This was the worm that ate at the heart of Gnosticism. The Gnostics had possession of knowledge which the common herd did not possess. Paul struck a dart into this when he wrote: “Knowledge puffs up, but love builds up.” In that sentence is the essential difference between a fellowship centered in Jesus and Gnosticism. One builds up others by their love and the other puff up to their own destruction. An esoteric group, claiming an inside and superior knowledge, destroys itself by its false sense of superiority. This is a constant temptation to Young Life and “Fellowship” people (and to most serious followers of Jesus) because we think the way we do things is better than others. And our insecurities drive us to want to be in a special core that sets us apart from other ordinary followers of Jesus.
C.S Lewis writes: “Your genuine Inner Ring exists for exclusion. There’d be no fun if there were no outsiders. Exclusion is no accident: it is the essence. The quest for the Inner Ring will break your hearts unless you break it.”
(One of our friends in D.C. who had a strong desire to be in this inner ring, once said, “When I get into the special group I know it is not really the inner group or they would not let me in.”)
And John writes: “We must write and tell you about this fellowship, because the more it extends the greater joy it brings to us who are already in it.” 1 John 1:3 Phillips
- What helps you know you feel secure in your relationships and thus to know that your fellowships are but a small part of the Kingdom of God?
Expectations of perfection in the way others treat us
We must accept others and ourselves as we are – imperfect human beings. If we expect perfection in a group we are bound for disappointment, for there are no such people to make up such a group. Jesus chose the Twelve, not because he found them to be perfect, but because they wanted to be perfected.
“Jesus did not lace his relationships with expectations, and he refused to be trapped when others sought to put these expectations on him. He refused to manipulate people even for their own good. Expectations are resentments waiting to happen. We sabotage many of our relationships by imposing expectations on others or trying to meet theirs. It cannot be done. People who live with expectations will never be satisfied.” Authentic Relationships by Wayne Jacobson
Again, the words of Paul: “Bear with each other.” Colossians 3:13
- What is helping you and those in your fellowships deal with your insecurities so you can embrace your dark side? (A helpful comment was that when I accept my own imperfections I am better able to release my unrealistic expectations of others.)
Lack of humility
The one who is always seeking the limelight is not “walking in the light of Jesus”. Jesus made himself of no reputation in his incarnation. He hid who he was and succeeded in filling the world with his name and fame. Those who push themselves will have to, for no one else will. Have you noticed that humility is not mentioned in the description of the fruit of the Spirit in Galatians? Instead we are told, “Humble yourselves before the Lord.” James 4:10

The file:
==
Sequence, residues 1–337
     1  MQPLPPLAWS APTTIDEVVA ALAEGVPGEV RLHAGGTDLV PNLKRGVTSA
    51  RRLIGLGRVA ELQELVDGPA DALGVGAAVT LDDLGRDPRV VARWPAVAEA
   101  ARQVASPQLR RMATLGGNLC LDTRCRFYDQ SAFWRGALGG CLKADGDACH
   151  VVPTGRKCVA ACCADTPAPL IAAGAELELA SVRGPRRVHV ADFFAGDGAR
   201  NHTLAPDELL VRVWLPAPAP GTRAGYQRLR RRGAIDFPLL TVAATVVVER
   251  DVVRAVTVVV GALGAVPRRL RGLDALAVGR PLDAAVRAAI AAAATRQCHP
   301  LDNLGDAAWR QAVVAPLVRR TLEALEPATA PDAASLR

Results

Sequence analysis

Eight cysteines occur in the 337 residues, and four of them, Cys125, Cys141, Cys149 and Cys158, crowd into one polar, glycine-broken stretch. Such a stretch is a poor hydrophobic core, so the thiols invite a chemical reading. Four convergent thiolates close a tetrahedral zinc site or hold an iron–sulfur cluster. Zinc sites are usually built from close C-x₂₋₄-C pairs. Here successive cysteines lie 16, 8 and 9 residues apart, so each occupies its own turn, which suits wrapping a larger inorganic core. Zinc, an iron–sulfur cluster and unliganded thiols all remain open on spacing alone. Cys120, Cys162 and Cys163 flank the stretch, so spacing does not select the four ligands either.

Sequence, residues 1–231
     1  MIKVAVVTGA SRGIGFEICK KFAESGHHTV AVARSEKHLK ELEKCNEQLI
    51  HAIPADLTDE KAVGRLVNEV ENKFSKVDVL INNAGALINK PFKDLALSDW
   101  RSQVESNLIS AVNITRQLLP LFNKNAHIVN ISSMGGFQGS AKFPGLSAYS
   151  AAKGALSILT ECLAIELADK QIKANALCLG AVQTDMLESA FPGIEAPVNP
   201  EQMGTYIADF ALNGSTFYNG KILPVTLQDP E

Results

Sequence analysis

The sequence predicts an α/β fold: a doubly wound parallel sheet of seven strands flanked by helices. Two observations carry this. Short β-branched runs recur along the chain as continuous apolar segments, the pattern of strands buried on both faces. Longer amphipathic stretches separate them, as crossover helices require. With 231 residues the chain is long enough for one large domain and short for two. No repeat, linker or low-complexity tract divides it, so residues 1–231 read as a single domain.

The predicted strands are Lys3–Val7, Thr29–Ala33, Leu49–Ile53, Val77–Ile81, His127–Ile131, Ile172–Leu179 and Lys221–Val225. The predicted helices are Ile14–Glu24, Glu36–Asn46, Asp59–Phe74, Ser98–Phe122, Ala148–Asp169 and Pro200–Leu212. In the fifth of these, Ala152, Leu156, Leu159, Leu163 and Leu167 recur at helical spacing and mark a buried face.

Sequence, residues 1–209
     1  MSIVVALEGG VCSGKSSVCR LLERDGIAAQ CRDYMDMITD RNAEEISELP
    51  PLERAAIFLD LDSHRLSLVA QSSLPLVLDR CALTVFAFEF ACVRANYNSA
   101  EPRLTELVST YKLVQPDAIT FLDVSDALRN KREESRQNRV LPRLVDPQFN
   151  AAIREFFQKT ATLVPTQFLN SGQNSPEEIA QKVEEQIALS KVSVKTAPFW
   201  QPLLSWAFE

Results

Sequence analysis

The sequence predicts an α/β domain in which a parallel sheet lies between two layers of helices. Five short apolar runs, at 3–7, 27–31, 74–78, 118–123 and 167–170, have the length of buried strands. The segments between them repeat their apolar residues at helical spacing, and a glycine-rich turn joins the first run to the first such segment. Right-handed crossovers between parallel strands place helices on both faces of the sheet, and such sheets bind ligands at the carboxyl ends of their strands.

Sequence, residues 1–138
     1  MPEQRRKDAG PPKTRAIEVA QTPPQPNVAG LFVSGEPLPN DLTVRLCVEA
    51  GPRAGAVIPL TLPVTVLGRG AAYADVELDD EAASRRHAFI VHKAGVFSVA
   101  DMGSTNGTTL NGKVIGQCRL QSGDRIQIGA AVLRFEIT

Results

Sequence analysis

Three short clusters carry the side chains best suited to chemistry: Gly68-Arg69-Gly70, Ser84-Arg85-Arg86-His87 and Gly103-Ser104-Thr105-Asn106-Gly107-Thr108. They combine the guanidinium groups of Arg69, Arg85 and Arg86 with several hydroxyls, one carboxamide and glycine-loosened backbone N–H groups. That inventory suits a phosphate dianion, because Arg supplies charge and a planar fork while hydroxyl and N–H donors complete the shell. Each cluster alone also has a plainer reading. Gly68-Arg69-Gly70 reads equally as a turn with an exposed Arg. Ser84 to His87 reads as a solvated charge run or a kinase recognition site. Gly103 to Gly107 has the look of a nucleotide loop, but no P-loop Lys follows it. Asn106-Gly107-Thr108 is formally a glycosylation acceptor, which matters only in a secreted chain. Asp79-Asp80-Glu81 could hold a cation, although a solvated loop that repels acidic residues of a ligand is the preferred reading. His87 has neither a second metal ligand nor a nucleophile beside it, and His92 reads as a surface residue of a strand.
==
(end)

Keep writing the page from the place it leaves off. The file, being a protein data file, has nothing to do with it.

“How little is humility preached? How little it is practiced? How little the lack of it is felt or confessed? I do not say how few attain to it, but how few ever think of making it a distinct object of continual desire or prayer? We need now to learn another lesson—that Jesus calls us to be servants of one another, and that this service will be a most blessed one, a new and fuller liberty from sin and self. At first it may appear hard; this is only because of the pride which still counts itself something. Here is the path to the higher life. Down, lower down!” The beauty of holiness by Andrew Murray
“Don’t cherish exaggerated ideas of yourself or your importance, but try to have a sane estimate of your capabilities by the light of the faith that God has given to you all.” Romans 12:3, Phillips translation
- What are you doing to humble yourself? Some responses include:
- A grateful heart brings a perspective that allows humility to flourish.
- When we maintain a servant’s heart and live this in specific actions we grow humility as we put others first.
- It may help to hold a funeral service for our independence.
- Develop the discipline of listening to others rather than always wanting to pass on our wisdom.
How do we apply the ideas presented and discussed in this paper?
“Be not angry that you cannot make others as you wish them to be, since you cannot make yourself as you wish to be. Imitation of Christ by Thomas a Kempis
“Did we pretend to be angry about one thing when we knew, or could have known, that our anger had a different and much less presentable cause? Did we pretend to be ‘hurt’ in our sensitive and tender feelings (fine natures like ours are so vulnerable) when envy, ungratified vanity, or thwarted self-will was our real trouble? Such tactics often succeed. The other parties give in. They give in not because they don’t know what is really wrong with us but because they have long known it only too well, and that sleeping dog can be roused, that skeleton brought out of its cupboard, only at the cost of imperiling their whole relationship with us. How we should deal with it in others I am not sure; but we should be merciless to its first appearances in ourselves.” Reflections on the Psalms by C. S. Lewis
“Even when we disagree with or regret the action of another, we can emphasize ‘I still love you. When disagreement is called for, we can be honest and open instead of masked and hidden. Instead of remaining silent, we can speak out when a different position needs to be expressed. But such a reaction can be held within a framework of basic support for the other. We can help others feel that we are still on their side when it comes to appreciating and encouraging them as persons.” Liberation of Life by Harvey and Lois Seifert
Let us continue seeking to be transformed to be like Jesus as we journey with those God has given to us as companions.